SPD is also known as Sensory Integration Dysfunction (SID) or Dysfunction of Sensory Integration (DSI).
Position Statement on Terminology Related to Sensory Integration Dysfunction
Lucy Jane Miller, Ph.D., OTR, Executive Director of
the KID Foundation and Associate Professor at the University of Colorado
Health Sciences Center
As the field of Sensory Integration Dysfunction has matured and researchers have learned more about this condition, many people have realized that it is time to clarify terminology. Although occupational therapists (OTs) usually understand one another when using the term Sensory Integration Dysfunction (sometimes abbreviated DSI), physicians and other health professionals without familiarity with the theory, assessments, and intervention frequently do not share the same knowledge base and may hold a more neurobiological view of the term sensory integration (SI). Since physicians are responsible for the total care of the child, and in many cases provide a referral for OT services that requires a diagnosis, using a diagnostic term that is more consistent with a physician's perspective seems appropriate. However, due to the wealth of literature related to SI in occupational therapy theory and intervention, the continued use of the term SI when applied to those aspects of SI seems appropriate. This will enable us to retain historical and current information published related to the SI frame of reference within our profession.
We are, therefore, proposing to update the diagnostic terminology used in sensory integration. This article describes a proposed system for sensory integration terminology differentiating the disorder from both the theory and the intervention (using occupational therapy with an SI frame of reference).
The new nosology proposed for the diagnostic categories uses Sensory Processing Disorder as a global umbrella term that includes all forms of this disorder, including three primary diagnostic groups (Sensory Modulation Disorder, Sensory Discrimination Disorder, and Sensory-Based Motor Disorder), and the subtypes found within each (see figure below).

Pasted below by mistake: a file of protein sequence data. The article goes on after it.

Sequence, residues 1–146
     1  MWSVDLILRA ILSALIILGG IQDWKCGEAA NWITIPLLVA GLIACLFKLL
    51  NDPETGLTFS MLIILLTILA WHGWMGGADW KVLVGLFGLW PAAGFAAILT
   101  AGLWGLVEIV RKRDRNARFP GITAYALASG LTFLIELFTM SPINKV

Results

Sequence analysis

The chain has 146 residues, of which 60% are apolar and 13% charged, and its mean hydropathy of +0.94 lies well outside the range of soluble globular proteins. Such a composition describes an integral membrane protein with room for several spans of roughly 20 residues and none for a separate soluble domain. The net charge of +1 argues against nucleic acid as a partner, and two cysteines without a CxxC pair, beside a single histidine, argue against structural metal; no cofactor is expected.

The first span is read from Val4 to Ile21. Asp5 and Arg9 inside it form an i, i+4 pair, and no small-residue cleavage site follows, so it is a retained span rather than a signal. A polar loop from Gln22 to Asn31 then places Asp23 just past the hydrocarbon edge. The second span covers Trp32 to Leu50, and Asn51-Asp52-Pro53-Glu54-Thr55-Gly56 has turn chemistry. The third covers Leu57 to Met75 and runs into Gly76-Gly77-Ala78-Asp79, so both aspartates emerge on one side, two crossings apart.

Dr. A. Jean Ayres, a researcher and pioneer of this field, coined the term Sensory Integration Dysfunction. She used the term throughout her professional career (1954-1988) to describe atypical social, emotional, motor, and functional patterns of behavior that were related to poor processing of sensory stimuli.
Dr. Ayres chose the term for two reasons. First, it related to her hypothesized theoretical model, which posited an underlying neurological impairment in the ability to transfer sensory information efficiently between sensory systems in the brain. Second, the term referred to her proposed intervention model, which used sensory stimuli in one domain to affect performance in another domain (e.g., the use of deep pressure/proprioceptive input to decrease over-responsivity in the tactile domain). During intervention — occupational therapy using a sensory integration frame of reference — two or more sensory domains are actively used concurrently. Often, action in one or more sensory systems (or provision of one or more sensory stimuli) supports the child as she or he makes an adaptive response to a challenging situation involving another sensory system. An adaptive response occurs when a child engages in activities of increasing difficulty and makes a successful response.